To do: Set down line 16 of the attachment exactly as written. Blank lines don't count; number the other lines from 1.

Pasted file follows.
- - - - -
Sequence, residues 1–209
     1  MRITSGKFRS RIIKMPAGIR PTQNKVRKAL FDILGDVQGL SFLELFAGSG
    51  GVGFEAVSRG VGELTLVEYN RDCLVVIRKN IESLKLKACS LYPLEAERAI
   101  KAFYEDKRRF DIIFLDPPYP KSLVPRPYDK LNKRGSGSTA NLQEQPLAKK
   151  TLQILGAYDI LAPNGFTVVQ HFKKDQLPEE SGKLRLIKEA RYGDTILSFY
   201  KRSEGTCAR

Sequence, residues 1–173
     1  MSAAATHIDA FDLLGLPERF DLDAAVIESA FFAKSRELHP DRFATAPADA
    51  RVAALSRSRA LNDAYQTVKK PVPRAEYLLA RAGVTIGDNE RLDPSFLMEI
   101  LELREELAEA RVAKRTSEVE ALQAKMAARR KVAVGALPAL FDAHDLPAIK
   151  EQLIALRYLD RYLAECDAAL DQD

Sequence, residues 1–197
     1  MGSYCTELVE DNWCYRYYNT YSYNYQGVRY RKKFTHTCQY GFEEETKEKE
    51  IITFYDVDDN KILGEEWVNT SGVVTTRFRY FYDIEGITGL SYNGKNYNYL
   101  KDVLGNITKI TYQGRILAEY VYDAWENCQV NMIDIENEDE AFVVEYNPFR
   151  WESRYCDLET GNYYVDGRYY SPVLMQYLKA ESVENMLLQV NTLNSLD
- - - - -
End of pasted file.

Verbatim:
   151  WESRYCDLET GNYYVDGRYY SPVLMQYLKA ESVENMLLQV NTLNSLD